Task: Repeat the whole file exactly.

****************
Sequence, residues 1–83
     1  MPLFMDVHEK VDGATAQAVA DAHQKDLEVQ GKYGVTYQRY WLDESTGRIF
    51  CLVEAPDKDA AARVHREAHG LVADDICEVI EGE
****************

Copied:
Sequence, residues 1–83
     1  MPLFMDVHEK VDGATAQAVA DAHQKDLEVQ GKYGVTYQRY WLDESTGRIF
    51  CLVEAPDKDA AARVHREAHG LVADDICEVI EGE